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We Should Not Support Politicians Who Call Upholding The Constitution A Criminal Act

Edward Snowden, the NSA leaker, is now charged with stealing government property, unauthorized communication of national defense information, and willful communication of classified information. In total, the charges carry a maximum sentence of 30 years in prison. These accusations are just a starting point, as the government can always add further charges to the indictment.
Then there are those, mostly politicians looking for a headline, who claim Snowden should be charged with treason, which carries a potential for the death penalty.

But all of this talk of criminality and sending Snowden to prison – or worse – presupposes that what Snowden did was contrary to the law and to his oath as a government employee.

The federal employee oath, also taken by Members of Congress, says: “I, [name], do solemnly swear (or affirm) that I will support and defend the Constitution of the United States against all enemies, foreign and domestic; that I will bear true faith and allegiance to the same; that I take this obligation freely, without any mental reservation or purpose of evasion; and that I will well and faithfully discharge the duties of the office on which I am about to enter. So help me God.”

It is worth noting that the members of the military, both officers and enlisted, take a similar oath. The enlisted oath also includes a section binding them to obey “lawful orders.” Officers take no oath to obey orders.

What if a court found that the acts the government was carrying out -- and ordering Snowden to engage in -- were in fact illegal, or not “lawful?”

What if it is the government itself that is the law-breaker, by violating the Constitution (the law that governs government) and Edward Snowden is merely supplying the corrective action necessary to bring the government back inside its proper constitutional bounds?

Wouldn’t Snowden be supporting and defending the Constitution by doing so?

As Judge Andrew A. Napolitano observed in an op-ed for The Washington Times, when Edward Snowden began his work as an NSA contractor, he took two oaths. The first oath was to keep secret the classified materials to which he would be exposed in his work as a spy; the second oath was to uphold the Constitution.

“Shortly after Mr. Snowden began his work with the NSA, he came to the realization that he could not comply with both oaths. He realized that by keeping secret what he learned, he was keeping the American public in the dark about what its government is doing outside the Constitution in order to control the public.”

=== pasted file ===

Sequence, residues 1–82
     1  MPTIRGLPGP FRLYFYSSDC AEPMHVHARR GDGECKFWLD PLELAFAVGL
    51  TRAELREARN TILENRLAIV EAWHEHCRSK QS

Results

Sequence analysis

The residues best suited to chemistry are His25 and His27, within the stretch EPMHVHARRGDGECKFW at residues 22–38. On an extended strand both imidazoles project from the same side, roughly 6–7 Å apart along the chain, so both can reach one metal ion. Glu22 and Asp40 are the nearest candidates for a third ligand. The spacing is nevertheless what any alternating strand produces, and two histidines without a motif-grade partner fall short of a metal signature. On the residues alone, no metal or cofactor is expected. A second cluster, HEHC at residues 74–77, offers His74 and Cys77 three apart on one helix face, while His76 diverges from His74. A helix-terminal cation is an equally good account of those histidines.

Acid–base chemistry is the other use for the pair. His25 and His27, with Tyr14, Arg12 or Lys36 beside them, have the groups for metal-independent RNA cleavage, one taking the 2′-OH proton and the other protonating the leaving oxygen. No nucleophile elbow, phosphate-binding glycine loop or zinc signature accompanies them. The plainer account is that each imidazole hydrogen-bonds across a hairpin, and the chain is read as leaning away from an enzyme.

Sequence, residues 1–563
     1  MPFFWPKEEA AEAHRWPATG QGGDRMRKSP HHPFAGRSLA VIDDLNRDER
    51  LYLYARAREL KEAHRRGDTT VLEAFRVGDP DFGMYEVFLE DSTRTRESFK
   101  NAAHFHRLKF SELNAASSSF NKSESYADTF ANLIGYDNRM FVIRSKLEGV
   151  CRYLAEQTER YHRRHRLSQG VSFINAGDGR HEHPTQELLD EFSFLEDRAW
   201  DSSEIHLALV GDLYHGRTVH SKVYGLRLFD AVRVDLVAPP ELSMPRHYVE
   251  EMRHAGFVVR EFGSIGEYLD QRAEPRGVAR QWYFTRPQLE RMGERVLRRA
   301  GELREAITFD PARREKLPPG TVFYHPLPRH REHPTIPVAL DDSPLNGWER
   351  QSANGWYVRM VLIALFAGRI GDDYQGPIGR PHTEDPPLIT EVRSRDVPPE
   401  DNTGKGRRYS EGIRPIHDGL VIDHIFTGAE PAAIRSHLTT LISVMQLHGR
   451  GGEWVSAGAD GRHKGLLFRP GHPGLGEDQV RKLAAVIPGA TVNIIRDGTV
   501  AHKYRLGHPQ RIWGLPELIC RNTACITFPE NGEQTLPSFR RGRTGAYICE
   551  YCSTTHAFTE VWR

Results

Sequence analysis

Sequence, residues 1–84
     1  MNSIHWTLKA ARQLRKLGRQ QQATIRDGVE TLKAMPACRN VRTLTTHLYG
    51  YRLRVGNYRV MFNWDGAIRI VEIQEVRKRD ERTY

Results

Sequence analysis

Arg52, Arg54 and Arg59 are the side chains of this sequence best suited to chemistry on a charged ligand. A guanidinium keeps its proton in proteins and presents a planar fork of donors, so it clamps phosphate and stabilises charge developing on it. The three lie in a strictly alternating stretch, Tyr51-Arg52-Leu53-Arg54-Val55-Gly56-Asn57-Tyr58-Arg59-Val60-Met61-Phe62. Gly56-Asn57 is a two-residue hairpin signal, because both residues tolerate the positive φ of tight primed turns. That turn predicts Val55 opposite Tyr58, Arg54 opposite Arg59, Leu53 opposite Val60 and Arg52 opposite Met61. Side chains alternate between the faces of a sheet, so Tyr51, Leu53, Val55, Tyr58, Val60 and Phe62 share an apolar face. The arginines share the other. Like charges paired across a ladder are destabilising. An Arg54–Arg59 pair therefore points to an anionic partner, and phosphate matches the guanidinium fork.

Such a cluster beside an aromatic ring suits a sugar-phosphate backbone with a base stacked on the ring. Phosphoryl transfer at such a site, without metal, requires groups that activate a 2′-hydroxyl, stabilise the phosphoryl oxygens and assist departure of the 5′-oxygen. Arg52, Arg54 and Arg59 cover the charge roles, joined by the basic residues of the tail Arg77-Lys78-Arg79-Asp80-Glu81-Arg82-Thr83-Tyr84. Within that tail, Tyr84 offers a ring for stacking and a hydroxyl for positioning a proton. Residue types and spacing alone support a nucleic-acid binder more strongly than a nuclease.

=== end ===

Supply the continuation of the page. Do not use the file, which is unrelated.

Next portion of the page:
“When confronted with the conflicting oaths, Mr. Snowden opted for the higher good: fidelity to the supreme law of the land. Hence, in order to protect the privacy of us all, Mr. Snowden violated the lesser oath and upheld the greater one. He could not serve two masters when the lesser of the two (fidelity to the government’s laws) facilitated a corruption of the greater of the two (the primacy to the Constitution),” said Judge Napolitano.

Edward Snowden was confronted with a raw personal choice.

Should he uphold the government’s laws, even if on their face they violate the Constitution, or should he uphold the Constitution?

Snowden, at risk of life and freedom, chose to act to stop those presently in power in Washington, DC from secretly eroding our constitutionally guaranteed liberties.

As citizens, we have a less threatening, but equally daunting, task. We have to make sure that those we support and vote for will execute the duties of their offices with absolute fidelity to the Constitution.

That means we have to set aside Party labels and loyalties and use the power of the ballot box to face down and vote out of office officials who misconstrue the Constitution to permit those in power to use the vast resources of the federal government to spy on their fellow Americans -- and by doing so, erode our liberties and corrupt our constitutional form of government.

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Guarding the Constitution

We all know that our SCOTUS, POTUS, and all of the elected and appointed representatives in DC are dedicated to defending the Constitution, that is, if it serves their purposes at the time. Otherwise, it is an out-of-date document framed by a group of lawless rebels.

That is, if I can EVER solve the CAPTCHA and get this sent . . . at least 12 tries and the colored one case sensitive?


I too think Snowden may have done what he did in defense of the Constitution. I am terribly worried when the Former VP Cheny got on the air and called Snowden a "Traitor". I see others are calling for him to be tried for Treason (a capital charge). And then we hear that the State Department has revoked his Passport. I sounds to me as though the powers that be, don't want Snowden to ever return to face trial and all the hoopla they are creating is to scare the heck out of him. But, it scares me too. I say try Sbnowden in absentia. That way, his defense counsel can subpoena evidence and the truth can come out.
I'd like to know more about Snowden's history. Apparently he qualified for a secret clearance and was trusted with the data he was handling. I'd like to know about his family life, any possible criminal history, etc. I just can't immagine what could make him do this dramatic thing. And, that's what i want to know.

the constitution is paramount

that's why I voted for Ron Paul and not Mitt Romney

NDAA & Patriot act are not constitutional